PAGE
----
In Psalm 24:4 David answered his question, “He that hath clean hands” (innocence in actions), “and a pure heart” (innocence in thoughts); “who hath not lifted up his soul unto vanity, nor sworn deceitfully” (the innocence of a dedicated life). The one that can approach God must live an honest life from their heart to their hands. The blessings and salvation of verse 5, “He shall receive the blessing from the Lord, and righteousness from the God of his salvation.” This salvation can be taken here as the deliverance from a vain and sinful world, and the blessings he received as the blessings that were rightfully his. They were looking for such a savior in David’s day, “This is the generation of them that seek him, that seek thy face, O Jacob. Selah” (Psalm 24:6). First Peter 1:10 says that the prophets enquired and searched diligently for such a salvation. The psalm’s reference to Jacob calls to mind how Jacob sought after God when he saw the ladder that reached to heaven, and when he fought with the angel through the night. But Jacob was not worthy to come so before the presence of God. The only man that could come before God in this manner is Jesus.
        In Psalm 24:7-8 we have the first anthem of the triumphant entry. “Lift up your heads, O ye gates; and be ye lift up, ye everlasting doors; and the King of glory shall come in. Who is this King of glory? The LORD strong and mighty, the LORD mighty in battle.” As seen from earth, “Jesus was taken up, and a cloud received him out of their sight” (Acts 1:9), but from heaven he was “received up into glory” (1 Tim. 3:18). Jesus was “mighty in battle” in that he “spoiled principalities and powers, he made a shew of them openly, triumphing over them in it” (Col. 2:15), and “for this purpose the Son of God was manifested, that he might destroy the works of the devil” (1 John 3:8).
        The triumph anthem is repeated with slight and significant variation in Psalm 24:9-10, “Lift up your heads, O ye gates; even lift them up, ye everlasting doors; and the King of glory shall come in. Who is this King of glory? The LORD of hosts, he is the King of glory. Selah.” This time the “King of glory” is “the LORD of hosts.” This time he brings a great company with him. I suggest that these are those of whom Paul wrote in 1 Thessalonians 4:16-17 when he said, “For the Lord himself shall descend from heaven with a shout, with the voice of the archangel, and with the trump of God: and the dead in Christ shall rise first: Then we which are alive and remain shall be caught up together with them in the clouds, to meet the Lord in the air: and so shall we ever be with the Lord.” In Romans 8:17-18 Paul says we will be “glorified together” with him, and “the sufferings of this present time are not worthy to be compared with the glory which shall be revealed in us.” Peter said, “An entrance shall be ministered unto you abundantly into the everlasting kingdom of our Lord and Savior Jesus Christ” (2 Peter 1:11). This makes me want to sing, “When we all get to heaven, what a day of rejoicing that will be...we’ll sing and shout the victory.”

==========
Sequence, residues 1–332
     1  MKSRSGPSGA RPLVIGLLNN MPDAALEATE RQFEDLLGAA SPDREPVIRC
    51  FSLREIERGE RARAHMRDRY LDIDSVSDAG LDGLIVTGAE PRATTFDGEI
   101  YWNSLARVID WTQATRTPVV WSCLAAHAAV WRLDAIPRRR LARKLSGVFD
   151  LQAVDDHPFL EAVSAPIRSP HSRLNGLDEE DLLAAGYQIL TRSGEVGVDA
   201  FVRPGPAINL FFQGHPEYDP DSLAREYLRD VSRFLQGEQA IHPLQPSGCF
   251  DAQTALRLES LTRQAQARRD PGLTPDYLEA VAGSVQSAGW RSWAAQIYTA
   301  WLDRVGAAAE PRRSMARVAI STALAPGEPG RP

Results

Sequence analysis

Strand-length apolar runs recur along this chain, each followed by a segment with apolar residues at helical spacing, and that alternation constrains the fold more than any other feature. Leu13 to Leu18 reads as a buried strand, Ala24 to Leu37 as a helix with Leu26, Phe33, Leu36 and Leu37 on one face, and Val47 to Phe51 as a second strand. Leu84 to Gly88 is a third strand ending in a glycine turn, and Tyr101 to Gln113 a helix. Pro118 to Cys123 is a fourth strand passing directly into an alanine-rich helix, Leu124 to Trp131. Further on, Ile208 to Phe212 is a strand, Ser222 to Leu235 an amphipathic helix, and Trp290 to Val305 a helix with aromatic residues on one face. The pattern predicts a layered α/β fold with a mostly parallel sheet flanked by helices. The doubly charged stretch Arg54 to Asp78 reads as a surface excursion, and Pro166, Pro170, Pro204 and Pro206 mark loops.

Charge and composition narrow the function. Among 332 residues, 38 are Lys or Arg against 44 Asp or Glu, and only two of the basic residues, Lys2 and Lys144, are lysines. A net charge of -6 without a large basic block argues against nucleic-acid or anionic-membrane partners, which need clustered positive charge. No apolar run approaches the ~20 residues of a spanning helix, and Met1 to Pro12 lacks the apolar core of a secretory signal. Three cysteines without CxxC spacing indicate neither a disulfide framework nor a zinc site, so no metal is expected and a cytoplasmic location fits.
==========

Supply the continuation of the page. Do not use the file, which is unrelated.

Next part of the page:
647 Finger Bluff Road
                Morrison, TN 37357

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Johnny O. Trail

        When one reads the account of the crucifixion, it becomes evident that many wicked people conspired to murder the Son of God. All manner of criminal culpability is revealed in the Gospel accounts. Examining the thieves of the crucifixion provides insight into the events surrounding the death of Christ and our own answerability and guilt in regards to the death of Christ. For a moment, let us consider the four thieves of the crucifixion —the one who betrayed, the one who was bargained, the one who blasphemed, and the one who believed.
        Judas was the thief who betrayed Christ with a kiss. Luke 22:47-48 says, “And while he yet spake, behold a multitude, and he that was called Judas, one of the twelve, went before them, and drew near unto Jesus to kiss him. But Jesus said unto him, Judas, betrayest thou the Son of man with a kiss?” This was not just some light, quick peck on the cheek — it was an over abundant display of affection. Judas feigned a friendly, overt gesture so the temple guards would know exactly whom to arrest. His plan and his complicities in the arrest and trial of Jesus are undeniable. How cold and calculating Judas was to act like a friend all the while seeking an opportunity to turn Jesus over to the Sanhedrin!
        Scripture reveals Judas for the greedy thief that he was. John 12:4-6 states, “Then saith one of his disciples, Judas Iscariot, Simon’s son, which should betray him, Why was not this ointment sold for three hundred pence, and given to the poor? This he said, not that he cared for the poor; but because he was a thief, and had the bag, and bare what was put therein.” It is little wonder that Judas was willing to betray the Son of God for thirty pieces of silver (Matt. 26:15). Judas was more interested in money than in the truth of God incarnate.
        Barabbas was the thief who was bargained for release over the sinless, perfect Son of God. The Bible makes the identity of Barabbas known to the reader in startling terms. Luke records Barabbas’ crimes twice to expose the enormity of his sins. Luke 23:18-19 reveals, “And they cried out all at once, saying, Away with this man, and release unto us Barabbas: (Who for a certain sedition made in the city, and for murder, was cast into prison.)” In a follow-up statement, Luke also reminds the reader, “And he released unto them him that for sedition and murder was cast into prison, whom they had desired; but he delivered Jesus to their will” (Luke 23:25). Barabbas’ crimes were manifold and mammoth in nature. One might observe that Barabbas was right where he deserved to be — in prison awaiting execution.